December 26, 2012
Robert H. Bork, 1927-2012
Robert Bork died on Dec. 19, 2012 after a distinguish career serving on the bench as well as by way of his many published contributions to legal philosophy. While many commentators writing about his legacy today characterize his jurisprudence as "Originalism," back in the day it was best to view his work from the perspective of Legal Positivism.
Of course, Bork is most well-known for his nomination to the SCOTUS and the fallout from failing to receive the Senate's confirmation. In A Conservative Whose Supreme Court Bid Set the Senate Afire, NYT's Ethan Bronner writes
The success of the anti-Bork campaign is widely seen to have shifted the tone and emphasis of Supreme Court nominations since then, giving them an often strong political cast and making it hard, many argue, for a nominee with firmly held views ever to be confirmed.
Some present-day pundits have opined that they were surprised by how ill-prepared Bork appeared to be during the Senate Judiciary Committee hearings. But they are applying the post-Bork standard for the current status quo to Senate confirmations.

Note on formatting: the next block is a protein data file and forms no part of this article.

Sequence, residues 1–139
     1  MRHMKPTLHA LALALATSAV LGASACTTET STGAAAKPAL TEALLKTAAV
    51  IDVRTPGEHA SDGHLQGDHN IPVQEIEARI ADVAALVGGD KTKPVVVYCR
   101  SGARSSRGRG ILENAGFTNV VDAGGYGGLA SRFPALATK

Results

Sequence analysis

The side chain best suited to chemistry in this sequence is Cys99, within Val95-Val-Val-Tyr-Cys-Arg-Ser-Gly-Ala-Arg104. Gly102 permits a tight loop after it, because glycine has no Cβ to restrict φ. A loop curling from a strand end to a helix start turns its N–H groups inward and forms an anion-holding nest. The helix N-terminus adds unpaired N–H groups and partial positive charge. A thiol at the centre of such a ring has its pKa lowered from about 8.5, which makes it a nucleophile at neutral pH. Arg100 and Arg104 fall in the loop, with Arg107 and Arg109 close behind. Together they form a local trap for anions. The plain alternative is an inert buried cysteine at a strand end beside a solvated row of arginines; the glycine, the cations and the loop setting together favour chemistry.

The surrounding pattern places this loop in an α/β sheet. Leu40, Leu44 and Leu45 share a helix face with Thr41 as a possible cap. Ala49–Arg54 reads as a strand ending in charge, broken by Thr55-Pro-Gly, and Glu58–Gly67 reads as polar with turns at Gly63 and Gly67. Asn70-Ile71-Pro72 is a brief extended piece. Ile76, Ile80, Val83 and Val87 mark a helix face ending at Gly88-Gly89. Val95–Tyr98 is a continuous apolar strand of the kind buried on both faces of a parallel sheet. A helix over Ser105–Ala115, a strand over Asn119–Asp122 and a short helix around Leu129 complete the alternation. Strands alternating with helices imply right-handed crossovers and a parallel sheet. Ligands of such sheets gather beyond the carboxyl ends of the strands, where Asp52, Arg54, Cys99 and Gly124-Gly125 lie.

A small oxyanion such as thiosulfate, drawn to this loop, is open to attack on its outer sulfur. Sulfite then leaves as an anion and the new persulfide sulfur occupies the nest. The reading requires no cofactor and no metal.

In Recalling Cardozo Law Review’s “Bork Book” (Concurring Opinions), Lawrence Cunningham recounts the story of working on a Cardozo Law Review's issue that was published just ahead of the confirmation proceedings. Titled "The Bork Nomination", the editors collected and published a dozen essays and four reports assessing Judge Bork’s jurisprudence in a 530-page special issue.
The special issue, released in early October ahead of the hearings, sold briskly at many book shops around Washington and New York that fall. It was clear during the hearings that many Senators had read our product. In the years after, it was even clearer that Judge Bork had, as he cited to our “Bork book” often.
This is one of those very, very rare instances where a law review issue actually contributed to something beyond the closed world known as the legal academy. [JH]